Secondly, this "study Bible" isn't so much for study as it is for devotional use. This may seem like a dangerous label to serious-minded students of the Scripture who are wary of fluffy, doctrinally-weak "Chicken Soup for the Soul"-kind of books. But the Gospel Transformation Study Bible isn't that. It's a Bible with notes that have helped me engage the Scripture more closely and, more than anything, love Christ more fully.

Many study Bibles have more notes than Scripture, it seems. That’s not the case with the Gospel Transformation Study Bible (though there are some points where I wanted more notes). The notes it contains make me think about the gospel. They lead me to reflect on Christ. Every day I read this Bible, my heart is challenged to live in light of the gospel and to know and enjoy Christ more.

Again, Theilman’s notes in Matthew illuminate this:

Learning from Jesus is more like rest than work because Jesus, unlike the scribes and Pharisees, is meek and humble. This passage is the only place in all four Gospel accounts where Jesus tells us about his heart—and he says it is “gentle and lowly” (v. 29). He is ready to help all those who are themselves humble enough to admit their need of his mercy and grace. Indeed, he delights to do so.

There is great hope for sinners in Matthew’s account of Jesus’ death, resurrection, and ascension, and that hope is not only for new disciples of Jesus but for his seasoned followers also. The proper response to sin, however grave it may be, is not despair. It is instead trust in Jesus’ willingness to forgive and restore the sinner to full fellowship with himself and to useful service in the kingdom. What rich hope for those who want their lives to count for Christ, yet who are painfully aware of their inadequacy and failures.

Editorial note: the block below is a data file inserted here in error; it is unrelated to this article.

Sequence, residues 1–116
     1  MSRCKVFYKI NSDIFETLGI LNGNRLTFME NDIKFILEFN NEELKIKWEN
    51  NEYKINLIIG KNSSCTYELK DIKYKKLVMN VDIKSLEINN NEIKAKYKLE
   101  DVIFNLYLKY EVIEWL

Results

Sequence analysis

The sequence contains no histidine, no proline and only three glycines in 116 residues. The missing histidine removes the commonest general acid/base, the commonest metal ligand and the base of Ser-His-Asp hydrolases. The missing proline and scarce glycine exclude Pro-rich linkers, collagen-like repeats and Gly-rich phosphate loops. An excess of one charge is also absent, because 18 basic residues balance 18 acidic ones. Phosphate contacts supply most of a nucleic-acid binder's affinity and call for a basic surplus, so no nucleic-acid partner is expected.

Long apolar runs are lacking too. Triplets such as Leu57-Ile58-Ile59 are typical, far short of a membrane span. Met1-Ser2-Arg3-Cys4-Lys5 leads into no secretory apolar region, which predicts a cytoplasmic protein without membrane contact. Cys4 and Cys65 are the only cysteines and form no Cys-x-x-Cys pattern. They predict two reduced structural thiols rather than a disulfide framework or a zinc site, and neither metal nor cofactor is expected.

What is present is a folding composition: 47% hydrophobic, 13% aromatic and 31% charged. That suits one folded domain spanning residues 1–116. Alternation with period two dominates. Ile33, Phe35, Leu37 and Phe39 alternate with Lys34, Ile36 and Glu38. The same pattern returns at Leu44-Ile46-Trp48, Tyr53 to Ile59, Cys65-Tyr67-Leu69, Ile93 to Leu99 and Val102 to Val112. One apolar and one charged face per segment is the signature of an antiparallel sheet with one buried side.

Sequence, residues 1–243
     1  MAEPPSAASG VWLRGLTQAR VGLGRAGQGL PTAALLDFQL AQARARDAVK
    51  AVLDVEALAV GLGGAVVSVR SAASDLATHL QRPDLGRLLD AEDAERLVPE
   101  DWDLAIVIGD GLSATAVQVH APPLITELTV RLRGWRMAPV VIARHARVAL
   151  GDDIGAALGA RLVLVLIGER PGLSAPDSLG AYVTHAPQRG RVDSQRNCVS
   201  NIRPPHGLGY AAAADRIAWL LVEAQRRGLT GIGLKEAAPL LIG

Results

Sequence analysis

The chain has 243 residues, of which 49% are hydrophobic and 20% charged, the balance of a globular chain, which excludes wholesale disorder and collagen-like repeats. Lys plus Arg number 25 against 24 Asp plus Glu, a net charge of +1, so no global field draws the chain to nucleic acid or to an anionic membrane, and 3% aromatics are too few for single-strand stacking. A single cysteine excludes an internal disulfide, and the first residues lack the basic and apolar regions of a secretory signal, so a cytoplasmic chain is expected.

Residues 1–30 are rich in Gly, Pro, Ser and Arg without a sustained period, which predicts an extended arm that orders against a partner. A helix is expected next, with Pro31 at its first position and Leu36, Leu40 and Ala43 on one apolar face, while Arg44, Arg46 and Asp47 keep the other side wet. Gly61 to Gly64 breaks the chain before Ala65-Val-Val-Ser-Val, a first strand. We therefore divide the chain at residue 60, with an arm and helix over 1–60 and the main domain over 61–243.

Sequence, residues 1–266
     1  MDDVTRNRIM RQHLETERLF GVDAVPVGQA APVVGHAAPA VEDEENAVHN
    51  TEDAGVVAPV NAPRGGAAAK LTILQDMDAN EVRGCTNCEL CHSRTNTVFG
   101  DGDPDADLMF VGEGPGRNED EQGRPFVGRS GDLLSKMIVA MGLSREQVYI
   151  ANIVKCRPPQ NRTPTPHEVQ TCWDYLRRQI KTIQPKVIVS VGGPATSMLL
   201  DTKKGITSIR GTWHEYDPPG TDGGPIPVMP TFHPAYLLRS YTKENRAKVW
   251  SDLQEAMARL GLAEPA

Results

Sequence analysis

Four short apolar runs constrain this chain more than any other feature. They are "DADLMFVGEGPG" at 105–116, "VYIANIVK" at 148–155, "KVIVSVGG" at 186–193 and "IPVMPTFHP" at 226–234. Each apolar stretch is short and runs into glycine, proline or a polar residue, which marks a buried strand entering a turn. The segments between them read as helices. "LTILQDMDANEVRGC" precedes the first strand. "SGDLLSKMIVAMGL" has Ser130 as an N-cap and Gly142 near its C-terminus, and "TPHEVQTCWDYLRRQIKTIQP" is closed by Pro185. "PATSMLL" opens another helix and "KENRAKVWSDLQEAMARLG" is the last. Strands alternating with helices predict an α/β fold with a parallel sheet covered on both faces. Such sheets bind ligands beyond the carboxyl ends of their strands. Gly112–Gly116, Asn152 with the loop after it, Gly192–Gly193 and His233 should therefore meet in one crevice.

The best use of the Gospel Transformation Study Bible I've found is reading Scripture in community. For the last several years I've had a "Fight Club"—a handful of men in my church who gather once a week to engage and discuss our individual readings from God’s Word. The notes from the Gospel Transformation Study Bible have been helpful in answering our questions, developing understanding, and directing us to Christ in our spiritual formation.

If you want to utilize the Daily Bible Reading Plan that is supplied in the back of the Bible, you’ll find a helpful course through the entire Bible in a year. Reading the notes along with the Scripture text will “show readers, passage by passage, how each particular book carries forward God’s redemptive purposes in history, culminating in Christ. These notes enable readers to see how the gospel of grace is the overarching message of the Bible, and how it transforms the human heart.”


We would recommend the Gospel Transformation Study Bible for anyone. It fits right in line with our mission at GCD: “to make, mature, and multiply disciples of Jesus.” I assure you that you’ll find it to be a means of gospel-centered discipleship and growth for your own life and the lives of others.

And thanks to the overwhelming generosity of Crossway Books, we’re giving away three hardback copies! You can enter to win a copy below through the giveaway app. Winners will be selected Wednesday, March 20 and notified shortly thereafter.

Jeremy Writebol is the lead campus pastor of Woodside Bible Church in Plymouth, MI and the Executive Director of Gospel-Centered Discipleship. He is the author of everPresent: How the Gospel Relocates Us in The Present and a contributing author to several other publications. He writes personally at jwritebol.net.